Create a web-server on Amazon EC2 instance using Terraform and user data

In this note, I detail all the steps required to create a bare-bone web server on Amazon EC2. I discuss creating the Amazon Virtual Private Cloud, subnets, internet gateway, security group, and Amazon EC2 instances to finally automate the process via Terraform and user data.

Note: I did not include the concepts of load balancing, installing a certificate, or route53 in this note. At the end of this note, I have a link to my following note, where I added an application load balancer into the configuration.

A few youtube videos or blogs are available on how to host a website on an Amazon EC2 instance. However, those were cases where the Amazon EC2 was hosted on the default VPC or created via the AWS console. Nothing wrong with that. But I wanted to create the web servers right from the ground up, and that too using Terraform; hence to capture my thought process, I came up with the idea of writing this note.

You will need a basic understanding of Terraform, Amazon VPC, subnets, internet gateway, security groups, route table, Amazon EC2, and user data to follow along. If you are new to these concepts, you can read about getting started with Terraform and about how to create an Amazon EC2 instance and underlying infrastructure (like vpc, subnets, etc) using Terraform.

If you want to walk along, I have the code committed to my GitHub repository: add-aws-elb-ec2-terraform.
I broke down this use case into four steps.

Step 1: Create the network components
As you can see, I created a pretty small VPC since this was a proof of concept. Notably, there were two flags that I set to true. You can read them at AWS-Docs: Setting Up DNS in Your VPC. The rest of the infrastructure bits are pretty standard; hence, I did not expand them in the image below. If you want to know more, please refer to this note.
Please note that the use-case for that post and this post are slightly different. Here, I did not create the network interface and the associate elastic IP; instead, I depended on AWS to manage that for me.
Step 2: Create a security group
Since this was a proof of concept and since I did not require HTTPS traffic, I did not bother to create more than what was necessary.

Step 3: Create the user data file
User data is a feature that allows customization of Amazon EC2 (virtual machine) when it is provisioned and (if desired) with each restart. I was required to install the httpd service and update the index.html page in this use case. I have a detailed note on user data at working-with-amazon-ec2-user-data-and-terraform

Step 4: Create an Amazon EC2 instance with a user data file
This is the last step, where I provisioned a couple of Amazon EC2 instances (the above image is of only one Amazon EC2 instance) using the infrastructure bits discussed earlier. An interesting observation is that since I required the instances accessible from outside the VPC, I had to associate them with a public IP address.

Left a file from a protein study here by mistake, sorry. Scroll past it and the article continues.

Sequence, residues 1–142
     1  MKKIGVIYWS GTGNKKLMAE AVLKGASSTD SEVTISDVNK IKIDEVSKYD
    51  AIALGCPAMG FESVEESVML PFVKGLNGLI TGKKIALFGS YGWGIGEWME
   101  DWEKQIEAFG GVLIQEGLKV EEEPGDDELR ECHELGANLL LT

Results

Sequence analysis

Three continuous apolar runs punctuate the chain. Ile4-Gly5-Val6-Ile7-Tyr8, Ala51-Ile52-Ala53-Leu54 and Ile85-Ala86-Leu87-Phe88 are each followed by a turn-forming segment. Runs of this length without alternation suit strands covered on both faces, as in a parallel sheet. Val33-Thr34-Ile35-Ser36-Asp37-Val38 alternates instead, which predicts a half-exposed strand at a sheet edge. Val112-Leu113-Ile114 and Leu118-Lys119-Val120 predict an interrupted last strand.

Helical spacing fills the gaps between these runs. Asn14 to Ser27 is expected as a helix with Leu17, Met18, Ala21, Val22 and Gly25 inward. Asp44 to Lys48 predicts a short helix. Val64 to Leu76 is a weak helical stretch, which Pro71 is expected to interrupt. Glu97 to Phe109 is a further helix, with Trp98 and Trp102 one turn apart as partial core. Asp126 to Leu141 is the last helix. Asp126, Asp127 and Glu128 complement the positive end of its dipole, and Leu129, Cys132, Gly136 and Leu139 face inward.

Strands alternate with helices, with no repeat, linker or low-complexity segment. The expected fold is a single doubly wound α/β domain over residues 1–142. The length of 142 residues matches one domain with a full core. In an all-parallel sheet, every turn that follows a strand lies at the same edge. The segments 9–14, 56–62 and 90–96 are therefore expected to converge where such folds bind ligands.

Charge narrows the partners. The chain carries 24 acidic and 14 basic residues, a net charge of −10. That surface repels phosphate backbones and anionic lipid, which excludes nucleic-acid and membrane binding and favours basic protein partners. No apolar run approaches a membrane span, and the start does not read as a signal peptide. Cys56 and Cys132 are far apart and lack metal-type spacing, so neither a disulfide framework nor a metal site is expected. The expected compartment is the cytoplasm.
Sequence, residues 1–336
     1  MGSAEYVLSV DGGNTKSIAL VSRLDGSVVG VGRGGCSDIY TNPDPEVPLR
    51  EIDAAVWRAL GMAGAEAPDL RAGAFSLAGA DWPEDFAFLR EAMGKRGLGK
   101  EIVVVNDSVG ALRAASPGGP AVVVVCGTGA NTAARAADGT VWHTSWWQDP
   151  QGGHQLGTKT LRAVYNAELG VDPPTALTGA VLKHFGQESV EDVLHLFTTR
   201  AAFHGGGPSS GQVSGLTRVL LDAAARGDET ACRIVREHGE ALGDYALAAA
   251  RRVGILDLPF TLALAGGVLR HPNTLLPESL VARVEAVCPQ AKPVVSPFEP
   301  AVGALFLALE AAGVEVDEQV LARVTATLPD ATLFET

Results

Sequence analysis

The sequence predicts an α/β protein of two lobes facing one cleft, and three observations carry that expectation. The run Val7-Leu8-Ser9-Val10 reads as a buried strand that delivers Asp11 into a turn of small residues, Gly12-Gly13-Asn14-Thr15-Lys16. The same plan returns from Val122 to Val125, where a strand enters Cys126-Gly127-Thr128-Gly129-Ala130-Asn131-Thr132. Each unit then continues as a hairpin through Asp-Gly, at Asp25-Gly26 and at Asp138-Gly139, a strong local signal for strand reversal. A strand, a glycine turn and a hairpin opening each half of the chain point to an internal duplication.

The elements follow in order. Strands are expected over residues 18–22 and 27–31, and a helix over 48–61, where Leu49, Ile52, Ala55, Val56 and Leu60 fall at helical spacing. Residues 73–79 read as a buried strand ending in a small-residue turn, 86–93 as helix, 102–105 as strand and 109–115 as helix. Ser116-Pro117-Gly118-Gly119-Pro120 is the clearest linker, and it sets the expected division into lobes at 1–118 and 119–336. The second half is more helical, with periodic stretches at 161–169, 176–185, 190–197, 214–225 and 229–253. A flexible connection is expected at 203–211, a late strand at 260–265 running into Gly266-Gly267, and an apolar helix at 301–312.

With all the above code, I ran the usual Terraform commands of terraform apply (after initializing the repository). And after Terraform provisioned the resources, I received the message below. That is due to the specification in the output block (in the file).
These are the public DNS of the three Amazon EC2 instances that Terraform provisioned.
However, on the AWS console, I found the two Amazon EC2 instances were still initializing. That is because Terraform does not manage the state of the Amazon EC2 instance after it provisions them, and the control passes over to the user data file. Stated differently, Terraform does not track whether the user data script was successful or not. However, I was confident that the user-data file I provided was correct (I’d run this code more than a few dozen times in the past). Therefore, I waited for the instances to pass the status checks before I tried to access the public DNS that Terraform provided.
Since I did not install a certificate on the Amazon EC2 instances, HTTPS was not going to work, and I tried the HTTP URL, which was HTTP://$(the public DNS provided in the output)
And this is what I saw for all three public DNS addresses.
The “Not secure” right before the public DNS name denotes that this is an HTTP URL.
And that brings us to the end of this note on how to provision a web server on an Amazon EC2 instance using Terraform and user data.

If you are familiar with Terraform, go ahead and fork the repository and try it. Then, let me know if you face any challenges. I also added an application load balancer to the three Amazon EC2 instances in my subsequent note at  -add-an-application-load-balancer-to-amazon-ec2-using-terraform.

Please note that I did not discuss the security aspect of managing the secret key and access key in this note. There are two methods I am comfortable with storing the values in the terraform.tfvars file OR passing them through the command line with terraform command. You can decide which option is secure and manageable depending on your use case and security posture.

4 thoughts on “Create a web-server on Amazon EC2 instance using Terraform and user data

Leave a Reply

Fill in your details below or click an icon to log in: Logo

You are commenting using your account. Log Out /  Change )

Facebook photo

You are commenting using your Facebook account. Log Out /  Change )

Connecting to %s